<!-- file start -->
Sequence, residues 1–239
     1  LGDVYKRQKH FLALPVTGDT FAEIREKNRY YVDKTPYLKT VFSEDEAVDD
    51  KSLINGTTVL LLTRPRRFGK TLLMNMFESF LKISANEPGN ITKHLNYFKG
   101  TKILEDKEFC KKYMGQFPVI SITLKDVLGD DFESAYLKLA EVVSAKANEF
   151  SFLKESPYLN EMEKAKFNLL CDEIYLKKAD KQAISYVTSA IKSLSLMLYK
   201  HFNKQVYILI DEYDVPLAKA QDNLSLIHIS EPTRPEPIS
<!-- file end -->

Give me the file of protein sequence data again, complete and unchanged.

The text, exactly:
Sequence, residues 1–239
     1  LGDVYKRQKH FLALPVTGDT FAEIREKNRY YVDKTPYLKT VFSEDEAVDD
    51  KSLINGTTVL LLTRPRRFGK TLLMNMFESF LKISANEPGN ITKHLNYFKG
   101  TKILEDKEFC KKYMGQFPVI SITLKDVLGD DFESAYLKLA EVVSAKANEF
   151  SFLKESPYLN EMEKAKFNLL CDEIYLKKAD KQAISYVTSA IKSLSLMLYK
   201  HFNKQVYILI DEYDVPLAKA QDNLSLIHIS EPTRPEPIS